The project takes a Hollywood 2.0 approach to sharing these stories by motivating young Indian Americans to pick up a camera, interview their parents, grandparents, aunts, and uncles, and then post that footage to Kahani’s web platform. The eventual audience for this content is a generation of people who may never have the benefit of a real conversation with their immigrant ancestors. [sajaforum]

I’ve been working on documenting my maternal grandparents’ story, and this is a space where I knew I would have been able to share it…that is if it weren’t an “Indian” space, but a South Asian one. My only critique of the site, which I think is substantial considering how integrated the South Asian American migration and historical experience is. Continue reading

Defend the wicket-Caption contest

From we see some pictures from “behind the scenes” at the Summit of the Americas that just ended (thanks for the tip Siddhartha). It looks like Obama is giving some guy named Brian Lara advice on how to swing a cricket bat. I am not sure if his form is right. It might be why Tiger Woods was invited to the White House yesterday. It also looks like Obama’s wicket is wide open. You know what time it is. It is caption contest time. Go at it.

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The Wicked Within

The last few days I have been tweeting about a set of unfortunate circumstances surrounding young Rubina Ali, the young girl that played the child Latika in the movie Slumdog Millionaire. First, a British paper engaged in some investigative reporting and alleged that Ali’s parents were attempting to sell her off for a high bid (in order to buy their way out of the slums or just out of plain greed). Then it appears that Indian police began investigating this serious allegation. Finally today, a vicious cat fight occurred between Ali’s mom and step mom as the poor girl watched on in tears. This is of course a really sad story born from a seemingly happy one. There aren’t a lot of details I can add to this that you can’t simply read in the three articles I linked above. Instead, the focus of this post is in about a single sentence from the third article which caught my eye:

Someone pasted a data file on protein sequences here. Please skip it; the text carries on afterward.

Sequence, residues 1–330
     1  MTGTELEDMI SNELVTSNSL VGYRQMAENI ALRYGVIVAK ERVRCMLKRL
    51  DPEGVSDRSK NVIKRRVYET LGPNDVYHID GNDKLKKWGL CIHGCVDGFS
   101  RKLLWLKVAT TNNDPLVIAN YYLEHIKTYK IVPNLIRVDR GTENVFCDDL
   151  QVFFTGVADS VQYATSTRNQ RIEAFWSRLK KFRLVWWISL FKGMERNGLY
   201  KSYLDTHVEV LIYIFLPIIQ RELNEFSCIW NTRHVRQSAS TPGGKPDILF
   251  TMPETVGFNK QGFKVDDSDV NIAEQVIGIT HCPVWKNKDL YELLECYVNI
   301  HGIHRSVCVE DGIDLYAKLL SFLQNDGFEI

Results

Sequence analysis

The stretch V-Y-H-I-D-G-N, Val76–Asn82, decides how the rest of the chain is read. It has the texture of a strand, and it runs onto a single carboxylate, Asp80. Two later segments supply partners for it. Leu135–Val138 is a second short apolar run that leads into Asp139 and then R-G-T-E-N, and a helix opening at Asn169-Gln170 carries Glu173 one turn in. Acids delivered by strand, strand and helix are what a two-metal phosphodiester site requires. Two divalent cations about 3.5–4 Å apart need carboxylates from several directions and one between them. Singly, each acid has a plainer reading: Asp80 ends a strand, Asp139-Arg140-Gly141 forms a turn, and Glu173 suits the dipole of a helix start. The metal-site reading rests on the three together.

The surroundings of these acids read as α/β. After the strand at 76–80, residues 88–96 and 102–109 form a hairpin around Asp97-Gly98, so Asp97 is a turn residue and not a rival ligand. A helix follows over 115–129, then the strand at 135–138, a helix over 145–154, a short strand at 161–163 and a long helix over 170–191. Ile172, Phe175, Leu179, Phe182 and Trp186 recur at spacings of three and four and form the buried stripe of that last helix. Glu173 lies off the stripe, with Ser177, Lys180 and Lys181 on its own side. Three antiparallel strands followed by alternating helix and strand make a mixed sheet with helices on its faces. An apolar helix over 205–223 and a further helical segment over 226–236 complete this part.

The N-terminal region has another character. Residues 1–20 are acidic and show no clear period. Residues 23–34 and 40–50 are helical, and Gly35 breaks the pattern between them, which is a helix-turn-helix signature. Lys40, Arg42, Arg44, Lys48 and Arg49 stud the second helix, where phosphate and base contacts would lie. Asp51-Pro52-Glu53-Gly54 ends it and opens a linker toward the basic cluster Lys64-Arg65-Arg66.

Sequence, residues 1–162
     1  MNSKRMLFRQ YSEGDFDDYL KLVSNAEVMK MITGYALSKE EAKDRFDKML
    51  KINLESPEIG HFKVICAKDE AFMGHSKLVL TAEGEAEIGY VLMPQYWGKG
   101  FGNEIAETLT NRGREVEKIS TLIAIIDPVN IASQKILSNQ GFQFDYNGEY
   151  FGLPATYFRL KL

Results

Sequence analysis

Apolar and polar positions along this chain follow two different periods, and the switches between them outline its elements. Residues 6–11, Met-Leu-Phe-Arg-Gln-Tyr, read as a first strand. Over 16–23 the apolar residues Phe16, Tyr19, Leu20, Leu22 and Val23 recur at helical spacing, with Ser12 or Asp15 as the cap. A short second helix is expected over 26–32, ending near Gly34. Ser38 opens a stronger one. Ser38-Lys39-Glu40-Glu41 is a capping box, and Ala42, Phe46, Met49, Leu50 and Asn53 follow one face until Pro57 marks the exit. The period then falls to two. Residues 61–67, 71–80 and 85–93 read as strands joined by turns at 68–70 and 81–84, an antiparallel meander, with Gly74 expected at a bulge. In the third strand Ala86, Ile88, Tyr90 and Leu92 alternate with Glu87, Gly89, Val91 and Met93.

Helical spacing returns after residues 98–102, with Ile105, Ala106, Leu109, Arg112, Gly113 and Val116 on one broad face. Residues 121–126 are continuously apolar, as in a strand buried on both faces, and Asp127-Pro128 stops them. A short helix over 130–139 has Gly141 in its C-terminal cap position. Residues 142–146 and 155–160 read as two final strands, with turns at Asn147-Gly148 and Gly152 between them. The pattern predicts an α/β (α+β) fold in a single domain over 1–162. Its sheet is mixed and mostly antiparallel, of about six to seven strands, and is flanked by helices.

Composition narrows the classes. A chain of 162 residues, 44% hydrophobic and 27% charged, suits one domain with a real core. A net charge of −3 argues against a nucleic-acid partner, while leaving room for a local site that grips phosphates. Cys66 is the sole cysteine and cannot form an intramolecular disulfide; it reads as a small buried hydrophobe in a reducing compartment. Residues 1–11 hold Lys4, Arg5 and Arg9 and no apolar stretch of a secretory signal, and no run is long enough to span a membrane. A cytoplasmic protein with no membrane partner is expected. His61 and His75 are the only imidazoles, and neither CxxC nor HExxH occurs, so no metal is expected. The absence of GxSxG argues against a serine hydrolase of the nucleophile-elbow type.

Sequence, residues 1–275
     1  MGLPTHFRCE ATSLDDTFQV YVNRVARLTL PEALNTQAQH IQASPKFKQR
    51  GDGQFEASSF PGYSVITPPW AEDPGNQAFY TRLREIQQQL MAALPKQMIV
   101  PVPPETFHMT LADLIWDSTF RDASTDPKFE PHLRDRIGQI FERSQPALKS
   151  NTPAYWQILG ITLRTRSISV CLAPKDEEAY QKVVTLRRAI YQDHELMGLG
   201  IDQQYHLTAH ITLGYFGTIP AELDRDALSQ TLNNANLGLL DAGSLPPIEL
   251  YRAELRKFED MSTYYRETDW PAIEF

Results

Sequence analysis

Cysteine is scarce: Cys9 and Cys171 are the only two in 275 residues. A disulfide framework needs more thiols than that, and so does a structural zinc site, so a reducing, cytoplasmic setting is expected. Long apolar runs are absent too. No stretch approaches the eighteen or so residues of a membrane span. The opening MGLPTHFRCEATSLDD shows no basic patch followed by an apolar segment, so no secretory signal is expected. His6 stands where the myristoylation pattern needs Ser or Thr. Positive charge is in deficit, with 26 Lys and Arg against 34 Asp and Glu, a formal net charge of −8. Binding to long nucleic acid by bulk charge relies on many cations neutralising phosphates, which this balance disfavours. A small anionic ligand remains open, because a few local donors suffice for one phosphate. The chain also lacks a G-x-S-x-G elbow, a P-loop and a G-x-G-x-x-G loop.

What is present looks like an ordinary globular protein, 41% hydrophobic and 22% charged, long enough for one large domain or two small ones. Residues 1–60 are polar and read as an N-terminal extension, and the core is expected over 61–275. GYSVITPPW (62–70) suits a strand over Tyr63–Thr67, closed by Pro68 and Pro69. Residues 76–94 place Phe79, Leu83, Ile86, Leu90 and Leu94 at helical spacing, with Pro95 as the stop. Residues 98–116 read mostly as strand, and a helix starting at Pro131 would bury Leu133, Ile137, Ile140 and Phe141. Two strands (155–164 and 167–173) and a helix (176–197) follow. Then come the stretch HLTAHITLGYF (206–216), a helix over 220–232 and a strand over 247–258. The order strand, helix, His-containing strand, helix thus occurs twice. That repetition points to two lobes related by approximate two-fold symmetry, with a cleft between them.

After seeing Munni [the step mother] talking to reporters, Khushi [the biological mother] launched a verbal attack, accusing Munni of using black magic to control Rubina. [Link]

Allegations of witches and witchcraft are not new to India and at least a few times a year the western media highlights them. They also occur quite regularly in the U.S. and all around the world for that matter. It is a phenomenon that spans borders, cultures, and time. A must-read piece at Slate today highlighted two new books (The Enemy Within and The Last Witch of Langenburg: Murder in a German Village) on the subject of witch hunts and why vulnerable women or young girls are most frequently the victims of these sort of hunts which seek to expunge “evils” from within a group.

The allure of witch hunting can grip any of us if we abandon our adherence to reason and evidence. As a tribal, poorly evolved species, we are very vulnerable to believing that we are surrounded by secretive, wicked people who might seem like us at first glance but who are, in fact, conspiring against us–and must be rooted out and destroyed. John Demos explains how this differs from other forms of persecution: “Witch-hunting alone finds the other within its own ranks. The Jew, the black, and the ethnic opposite exist, in some fundamental sense, ‘on the outside.’ … The witch, by contrast, is discovered (and ‘discovery’ is key to the process) inside the host community.”

We know that witch hunts break out most ferociously at times of trauma and stress. There was no concept of child witchcraft in Congo until the war began and 6 million people were killed. Now a broken and terrorized population has turned on its own children in a desperate, futile attempt to find some way to regain control. The first great witch hunt in Europe came after the Black Death killed one-third of the population. The second came between 1580 and 1650, when the climate cooled and crops failed. Similarly, witch hunting erupted in America–on the dirt-tracks of Salem, Mass.–at a time when 10 percent of the colonists were being killed and all lived in constant fear of the American Indians who were trying to defend their civilization from extinction. [Link]